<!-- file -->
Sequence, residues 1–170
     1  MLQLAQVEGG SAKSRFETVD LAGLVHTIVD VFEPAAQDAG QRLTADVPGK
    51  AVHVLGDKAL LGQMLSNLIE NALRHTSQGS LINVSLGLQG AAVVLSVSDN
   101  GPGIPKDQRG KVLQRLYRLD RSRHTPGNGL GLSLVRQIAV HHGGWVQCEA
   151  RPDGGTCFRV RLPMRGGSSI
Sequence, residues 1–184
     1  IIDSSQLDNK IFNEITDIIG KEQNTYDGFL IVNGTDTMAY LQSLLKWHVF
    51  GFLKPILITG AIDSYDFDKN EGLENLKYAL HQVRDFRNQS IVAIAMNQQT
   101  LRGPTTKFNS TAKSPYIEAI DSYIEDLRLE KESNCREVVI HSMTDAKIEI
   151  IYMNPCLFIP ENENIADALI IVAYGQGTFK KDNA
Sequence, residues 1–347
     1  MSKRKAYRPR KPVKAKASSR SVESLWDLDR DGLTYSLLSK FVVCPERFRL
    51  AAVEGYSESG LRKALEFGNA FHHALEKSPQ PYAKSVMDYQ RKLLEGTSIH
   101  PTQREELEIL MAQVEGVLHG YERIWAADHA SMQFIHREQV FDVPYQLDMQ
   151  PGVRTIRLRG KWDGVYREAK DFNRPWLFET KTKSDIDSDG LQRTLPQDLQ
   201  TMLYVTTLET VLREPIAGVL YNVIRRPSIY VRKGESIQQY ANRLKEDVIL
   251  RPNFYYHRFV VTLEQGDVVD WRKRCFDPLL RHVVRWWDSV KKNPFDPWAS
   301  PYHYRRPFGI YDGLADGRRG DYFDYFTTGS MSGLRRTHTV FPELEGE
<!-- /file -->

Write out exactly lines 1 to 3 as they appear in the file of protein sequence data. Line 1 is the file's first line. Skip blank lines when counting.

Sequence, residues 1–170
     1  MLQLAQVEGG SAKSRFETVD LAGLVHTIVD VFEPAAQDAG QRLTADVPGK
    51  AVHVLGDKAL LGQMLSNLIE NALRHTSQGS LINVSLGLQG AAVVLSVSDN